We have all heard the phrase “a cluttered desk, a cluttered mind.” Indeed, as Martha Stewart, the magazine Real Simple, and thousands of self-help books will tell you, being neat and tidy leads to improved mental health, life satisfaction, and better thinking.
But, it is true? Does being in an orderly environment – at work or at home – improve our lives? It turns out that it depends on what we are trying to do. In a nut shell, orderly environments prompt us to stick to valued social norms, like being generous or eating healthy (think grabbing that apple rather than the tempting candy bar). And, it’s easy to see how such choices might improve our well-being. However, disorderly environments have their perks too. For instance, disorder promotes a creative mindset.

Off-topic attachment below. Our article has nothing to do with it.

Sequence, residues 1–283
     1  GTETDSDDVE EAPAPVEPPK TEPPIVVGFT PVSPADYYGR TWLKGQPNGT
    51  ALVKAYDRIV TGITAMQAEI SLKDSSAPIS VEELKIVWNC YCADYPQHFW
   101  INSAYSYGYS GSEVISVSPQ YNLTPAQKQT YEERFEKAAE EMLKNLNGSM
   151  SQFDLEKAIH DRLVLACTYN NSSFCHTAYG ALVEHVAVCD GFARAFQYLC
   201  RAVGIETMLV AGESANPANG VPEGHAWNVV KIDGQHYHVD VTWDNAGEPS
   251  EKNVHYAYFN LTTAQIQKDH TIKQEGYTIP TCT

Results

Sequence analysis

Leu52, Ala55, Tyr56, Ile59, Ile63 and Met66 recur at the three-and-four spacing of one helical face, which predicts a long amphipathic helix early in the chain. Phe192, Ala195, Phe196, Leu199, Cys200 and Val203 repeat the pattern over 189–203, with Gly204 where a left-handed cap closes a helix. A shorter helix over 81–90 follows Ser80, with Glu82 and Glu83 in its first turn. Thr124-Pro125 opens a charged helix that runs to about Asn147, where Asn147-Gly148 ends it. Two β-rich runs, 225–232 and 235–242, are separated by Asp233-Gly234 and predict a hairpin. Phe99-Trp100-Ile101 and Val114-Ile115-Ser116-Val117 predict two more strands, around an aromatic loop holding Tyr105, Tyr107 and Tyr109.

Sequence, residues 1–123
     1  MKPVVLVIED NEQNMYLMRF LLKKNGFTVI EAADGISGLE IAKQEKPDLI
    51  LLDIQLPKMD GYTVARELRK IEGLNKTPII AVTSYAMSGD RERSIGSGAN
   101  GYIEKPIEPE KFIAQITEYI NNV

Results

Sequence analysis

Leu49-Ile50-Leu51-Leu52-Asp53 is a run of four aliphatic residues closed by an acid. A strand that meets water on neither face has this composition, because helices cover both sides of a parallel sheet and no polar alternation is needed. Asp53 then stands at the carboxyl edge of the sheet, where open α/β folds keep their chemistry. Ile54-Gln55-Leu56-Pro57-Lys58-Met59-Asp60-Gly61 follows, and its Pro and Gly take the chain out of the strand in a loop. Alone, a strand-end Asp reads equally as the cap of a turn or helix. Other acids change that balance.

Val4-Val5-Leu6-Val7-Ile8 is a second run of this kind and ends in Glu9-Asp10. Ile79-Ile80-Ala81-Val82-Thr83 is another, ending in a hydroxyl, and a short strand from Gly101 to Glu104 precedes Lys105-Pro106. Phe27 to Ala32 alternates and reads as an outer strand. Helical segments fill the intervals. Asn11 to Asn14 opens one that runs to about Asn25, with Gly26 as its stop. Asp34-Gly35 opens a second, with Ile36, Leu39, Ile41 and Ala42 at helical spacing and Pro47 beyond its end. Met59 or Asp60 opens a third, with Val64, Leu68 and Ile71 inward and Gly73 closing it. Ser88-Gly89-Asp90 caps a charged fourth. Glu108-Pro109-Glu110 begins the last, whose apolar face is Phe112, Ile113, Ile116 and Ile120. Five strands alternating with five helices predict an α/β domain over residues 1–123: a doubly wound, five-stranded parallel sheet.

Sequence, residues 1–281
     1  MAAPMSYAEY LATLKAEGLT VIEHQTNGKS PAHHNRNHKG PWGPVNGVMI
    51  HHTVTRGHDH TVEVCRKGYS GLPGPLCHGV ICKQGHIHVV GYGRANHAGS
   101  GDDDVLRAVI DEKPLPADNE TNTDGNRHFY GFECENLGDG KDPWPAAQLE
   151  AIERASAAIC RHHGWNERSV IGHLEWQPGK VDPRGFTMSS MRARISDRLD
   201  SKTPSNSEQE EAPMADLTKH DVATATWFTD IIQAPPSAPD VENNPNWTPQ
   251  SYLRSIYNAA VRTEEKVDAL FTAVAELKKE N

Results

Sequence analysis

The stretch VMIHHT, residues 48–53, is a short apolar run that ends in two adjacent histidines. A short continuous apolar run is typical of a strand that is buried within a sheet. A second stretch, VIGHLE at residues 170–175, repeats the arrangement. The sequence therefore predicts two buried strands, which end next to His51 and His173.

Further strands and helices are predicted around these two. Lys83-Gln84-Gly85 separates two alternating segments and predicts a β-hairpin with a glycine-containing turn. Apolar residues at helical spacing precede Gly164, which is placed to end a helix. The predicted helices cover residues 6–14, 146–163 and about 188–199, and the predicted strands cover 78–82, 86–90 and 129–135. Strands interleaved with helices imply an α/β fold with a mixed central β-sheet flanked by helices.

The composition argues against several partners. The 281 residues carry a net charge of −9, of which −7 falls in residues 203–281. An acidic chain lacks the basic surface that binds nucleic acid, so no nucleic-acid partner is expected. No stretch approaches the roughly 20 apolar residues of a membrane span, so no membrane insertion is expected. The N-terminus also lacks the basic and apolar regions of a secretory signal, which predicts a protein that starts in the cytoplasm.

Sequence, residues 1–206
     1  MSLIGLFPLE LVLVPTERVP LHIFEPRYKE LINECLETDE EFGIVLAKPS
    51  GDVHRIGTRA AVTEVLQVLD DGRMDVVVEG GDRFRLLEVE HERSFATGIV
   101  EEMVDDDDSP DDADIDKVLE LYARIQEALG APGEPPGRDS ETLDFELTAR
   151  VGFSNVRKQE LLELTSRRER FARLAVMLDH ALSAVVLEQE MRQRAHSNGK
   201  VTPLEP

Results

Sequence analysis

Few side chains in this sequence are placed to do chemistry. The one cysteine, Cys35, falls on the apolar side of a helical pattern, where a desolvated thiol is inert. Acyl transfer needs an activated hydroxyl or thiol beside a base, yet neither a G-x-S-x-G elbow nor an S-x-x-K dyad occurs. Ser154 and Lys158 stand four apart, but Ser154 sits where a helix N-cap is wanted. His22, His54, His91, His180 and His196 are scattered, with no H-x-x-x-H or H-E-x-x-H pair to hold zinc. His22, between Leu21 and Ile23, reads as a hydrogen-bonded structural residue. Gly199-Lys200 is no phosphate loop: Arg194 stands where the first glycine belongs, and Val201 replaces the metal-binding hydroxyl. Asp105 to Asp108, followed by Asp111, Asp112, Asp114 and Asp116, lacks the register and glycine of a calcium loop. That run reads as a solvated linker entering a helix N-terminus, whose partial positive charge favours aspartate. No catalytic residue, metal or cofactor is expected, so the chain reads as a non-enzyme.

In a paper published this month in the journal Psychological Science, psychologist Kathleen Vohs and her colleagues set out to test exactly how organized versus disorganized environments alter our thinking and behavior. So, they ran a simple test. They paid volunteers to fill out a series of questionnaires in either an orderly workspace or a disorderly one – the former neat and tidy, the latter with papers strewn everywhere. While in the workspace, the volunteers learned that the department in which the study they were taking part in was being conducted, was involved in a charity that gave books and toys to children in need. The question was, did the volunteers wish to donate to the charity? Sure enough, people in the clean environment were more generous in their donations. Those folks in the clean and tidy room were also more likely to opt for an apple over a candy bar when given as a parting gift for their study participation.